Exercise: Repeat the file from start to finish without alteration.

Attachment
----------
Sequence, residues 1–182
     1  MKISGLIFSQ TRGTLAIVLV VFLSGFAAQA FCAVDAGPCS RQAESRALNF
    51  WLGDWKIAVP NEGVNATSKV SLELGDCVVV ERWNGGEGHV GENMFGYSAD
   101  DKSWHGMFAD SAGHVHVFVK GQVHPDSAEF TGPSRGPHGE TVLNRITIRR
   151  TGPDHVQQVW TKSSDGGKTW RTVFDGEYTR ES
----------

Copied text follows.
Sequence, residues 1–182
     1  MKISGLIFSQ TRGTLAIVLV VFLSGFAAQA FCAVDAGPCS RQAESRALNF
    51  WLGDWKIAVP NEGVNATSKV SLELGDCVVV ERWNGGEGHV GENMFGYSAD
   101  DKSWHGMFAD SAGHVHVFVK GQVHPDSAEF TGPSRGPHGE TVLNRITIRR
   151  TGPDHVQQVW TKSSDGGKTW RTVFDGEYTR ES